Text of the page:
ROS1 mutations, which confer sensitivity to crizotinib, are detected in 1% to 2% of NSCLC cases. Previous study showed that, among patients with ROS1-positive disease, crizotinib delays disease progression for a median of about 19 months, after which treatment resistance evolves.
For this study, researchers attempted to distinguish metastasis distribution among ROS1-positive patients from that among ALK-positive patients, given that ALK mutations also confer sensitivity to crizotinib. The researchers also analyzed disease samples taken at different time points from ROS1-positive patients to determine possible mechanisms of crizotinib resistance.
Thirty-nine patients with ROS1 rearrangements and 196 patients with ALK rearrangements were identified; the median ages were 50 and 51, respectively, 72% and 69% were never-smokers, respectively, and 85% and 84% of patients were diagnosed with stage IV disease, respectively.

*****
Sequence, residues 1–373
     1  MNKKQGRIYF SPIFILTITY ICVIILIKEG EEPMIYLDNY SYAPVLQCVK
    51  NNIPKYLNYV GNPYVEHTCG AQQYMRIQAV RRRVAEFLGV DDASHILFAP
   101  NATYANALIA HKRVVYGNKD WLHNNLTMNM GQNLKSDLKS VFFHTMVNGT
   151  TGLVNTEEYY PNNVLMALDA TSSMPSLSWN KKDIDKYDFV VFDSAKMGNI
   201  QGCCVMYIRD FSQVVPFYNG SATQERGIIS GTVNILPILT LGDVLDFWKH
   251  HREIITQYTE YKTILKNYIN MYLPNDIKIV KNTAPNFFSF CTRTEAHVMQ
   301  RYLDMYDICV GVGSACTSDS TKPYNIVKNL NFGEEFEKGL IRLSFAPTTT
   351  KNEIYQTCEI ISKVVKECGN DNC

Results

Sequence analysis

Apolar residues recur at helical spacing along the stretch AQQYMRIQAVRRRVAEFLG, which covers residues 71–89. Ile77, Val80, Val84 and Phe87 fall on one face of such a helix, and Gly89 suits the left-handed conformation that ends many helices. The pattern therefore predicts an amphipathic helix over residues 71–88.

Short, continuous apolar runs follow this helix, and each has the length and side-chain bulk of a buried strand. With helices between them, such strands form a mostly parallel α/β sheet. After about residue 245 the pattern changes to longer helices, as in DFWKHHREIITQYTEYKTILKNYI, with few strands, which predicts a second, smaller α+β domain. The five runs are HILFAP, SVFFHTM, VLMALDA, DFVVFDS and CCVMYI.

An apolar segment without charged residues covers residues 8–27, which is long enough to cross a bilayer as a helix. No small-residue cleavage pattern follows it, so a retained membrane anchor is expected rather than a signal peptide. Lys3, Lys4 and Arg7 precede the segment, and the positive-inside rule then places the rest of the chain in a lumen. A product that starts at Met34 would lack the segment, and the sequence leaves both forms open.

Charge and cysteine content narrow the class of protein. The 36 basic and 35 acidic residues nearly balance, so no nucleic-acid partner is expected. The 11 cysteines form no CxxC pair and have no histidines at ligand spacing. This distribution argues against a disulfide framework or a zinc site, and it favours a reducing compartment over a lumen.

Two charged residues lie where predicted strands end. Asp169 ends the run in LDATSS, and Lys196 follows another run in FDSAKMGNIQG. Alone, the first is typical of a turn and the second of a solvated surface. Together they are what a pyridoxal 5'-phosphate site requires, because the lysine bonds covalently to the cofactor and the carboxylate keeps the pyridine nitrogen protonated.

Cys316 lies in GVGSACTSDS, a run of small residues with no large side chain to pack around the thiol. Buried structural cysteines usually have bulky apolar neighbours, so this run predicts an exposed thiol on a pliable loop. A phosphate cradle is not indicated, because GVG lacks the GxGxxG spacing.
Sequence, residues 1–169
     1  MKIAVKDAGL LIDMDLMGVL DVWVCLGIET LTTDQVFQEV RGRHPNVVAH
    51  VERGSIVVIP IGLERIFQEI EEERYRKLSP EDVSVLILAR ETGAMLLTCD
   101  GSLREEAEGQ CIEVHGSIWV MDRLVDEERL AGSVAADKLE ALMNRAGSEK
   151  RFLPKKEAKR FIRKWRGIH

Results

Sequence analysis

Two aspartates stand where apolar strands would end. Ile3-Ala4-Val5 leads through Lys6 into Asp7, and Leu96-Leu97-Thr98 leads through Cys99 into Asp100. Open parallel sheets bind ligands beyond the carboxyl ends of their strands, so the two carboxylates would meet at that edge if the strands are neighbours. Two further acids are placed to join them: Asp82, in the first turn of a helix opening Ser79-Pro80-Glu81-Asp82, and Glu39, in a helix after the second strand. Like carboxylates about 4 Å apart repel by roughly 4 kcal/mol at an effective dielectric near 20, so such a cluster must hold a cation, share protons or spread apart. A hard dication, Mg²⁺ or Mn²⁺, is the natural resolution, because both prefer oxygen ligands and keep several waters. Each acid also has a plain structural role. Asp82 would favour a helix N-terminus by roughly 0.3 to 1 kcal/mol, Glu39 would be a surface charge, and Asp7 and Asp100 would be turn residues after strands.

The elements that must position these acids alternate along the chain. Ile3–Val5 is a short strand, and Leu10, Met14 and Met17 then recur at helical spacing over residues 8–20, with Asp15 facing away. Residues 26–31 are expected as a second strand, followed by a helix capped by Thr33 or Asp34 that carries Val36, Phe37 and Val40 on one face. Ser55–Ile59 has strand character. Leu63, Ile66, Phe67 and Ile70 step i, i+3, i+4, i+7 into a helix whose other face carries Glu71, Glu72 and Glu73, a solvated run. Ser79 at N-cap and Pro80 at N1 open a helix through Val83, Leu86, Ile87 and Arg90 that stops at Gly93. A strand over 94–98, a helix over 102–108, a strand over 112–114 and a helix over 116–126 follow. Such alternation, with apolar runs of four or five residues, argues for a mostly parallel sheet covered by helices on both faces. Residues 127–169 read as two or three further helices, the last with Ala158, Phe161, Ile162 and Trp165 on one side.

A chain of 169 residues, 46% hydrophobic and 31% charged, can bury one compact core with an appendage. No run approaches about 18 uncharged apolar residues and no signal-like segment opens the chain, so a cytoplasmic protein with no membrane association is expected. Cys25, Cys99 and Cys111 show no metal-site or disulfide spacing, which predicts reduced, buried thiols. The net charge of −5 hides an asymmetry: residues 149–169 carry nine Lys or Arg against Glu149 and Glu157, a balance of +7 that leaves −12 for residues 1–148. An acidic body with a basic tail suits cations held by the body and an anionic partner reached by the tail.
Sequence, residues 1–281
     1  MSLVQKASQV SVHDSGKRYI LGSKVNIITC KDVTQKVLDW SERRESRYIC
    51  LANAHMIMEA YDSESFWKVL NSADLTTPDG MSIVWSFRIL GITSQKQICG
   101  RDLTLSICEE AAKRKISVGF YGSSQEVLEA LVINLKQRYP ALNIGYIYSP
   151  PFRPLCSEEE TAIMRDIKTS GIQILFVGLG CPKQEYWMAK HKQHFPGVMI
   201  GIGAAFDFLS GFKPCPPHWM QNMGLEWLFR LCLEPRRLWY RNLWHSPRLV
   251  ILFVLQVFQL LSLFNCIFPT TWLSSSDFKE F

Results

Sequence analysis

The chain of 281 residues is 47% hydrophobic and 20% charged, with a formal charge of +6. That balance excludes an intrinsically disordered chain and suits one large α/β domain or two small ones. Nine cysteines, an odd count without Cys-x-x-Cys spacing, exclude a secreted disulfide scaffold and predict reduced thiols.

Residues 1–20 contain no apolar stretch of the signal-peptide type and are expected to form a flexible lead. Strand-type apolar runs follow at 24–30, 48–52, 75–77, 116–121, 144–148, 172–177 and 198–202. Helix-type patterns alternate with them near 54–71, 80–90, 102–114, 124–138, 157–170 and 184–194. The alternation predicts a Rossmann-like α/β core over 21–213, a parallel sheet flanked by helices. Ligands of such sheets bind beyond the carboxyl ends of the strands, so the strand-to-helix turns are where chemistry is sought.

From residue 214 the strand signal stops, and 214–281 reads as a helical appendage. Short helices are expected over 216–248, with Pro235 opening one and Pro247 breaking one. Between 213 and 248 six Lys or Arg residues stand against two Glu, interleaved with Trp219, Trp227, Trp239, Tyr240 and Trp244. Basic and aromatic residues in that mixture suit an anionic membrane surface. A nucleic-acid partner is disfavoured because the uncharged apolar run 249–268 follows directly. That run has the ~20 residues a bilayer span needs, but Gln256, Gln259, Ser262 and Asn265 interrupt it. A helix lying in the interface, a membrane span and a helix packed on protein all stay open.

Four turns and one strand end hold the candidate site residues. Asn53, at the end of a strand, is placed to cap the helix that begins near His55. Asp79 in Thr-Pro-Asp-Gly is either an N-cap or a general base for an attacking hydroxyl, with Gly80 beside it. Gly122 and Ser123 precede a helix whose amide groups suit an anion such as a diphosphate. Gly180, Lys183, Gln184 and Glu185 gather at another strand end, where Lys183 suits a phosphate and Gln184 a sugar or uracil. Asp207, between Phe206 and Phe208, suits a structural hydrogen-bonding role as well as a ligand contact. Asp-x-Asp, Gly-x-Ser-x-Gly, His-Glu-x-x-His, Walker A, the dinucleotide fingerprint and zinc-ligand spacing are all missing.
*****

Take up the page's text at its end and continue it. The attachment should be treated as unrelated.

Compared with ALK-positive patients, participants with ROS1 rearrangements were less likely to present with extrathoracic (59% vs 83.2%) and brain (19.4% vs 39.1%) metastases. At 5 years post-diagnosis this discrepancy continued, with 34% of ROS1-positive patients developing brain metastases vs 73% of ALK-positive patients.
Despite these findings, patients with ALK-positive disease had a non-significantly longer median overall survival (3 vs 2.5 years; P = .786.)
After disease progression during crizotinib therapy, biopsy analyses detected ROS1 resistance mutations in 53% of samples, the most common of which was G2032R (41%).
The authors concluded that “efforts to identify and validate mechanisms of resistance to crizotinib among larger cohorts of patients with ROS1-positive NSCLC are needed.”
Gainor JF, Tseng D, Yoda S, et al. Patterns of metastatic spread and mechanisms of resistance to crizotinib in ROS1-positive non–small-cell lung cancer [published online August 16, 2017]. JCO Precis Oncol. doi:10.1200/PO.17.00063
This article originally appeared on Cancer Therapy Advisor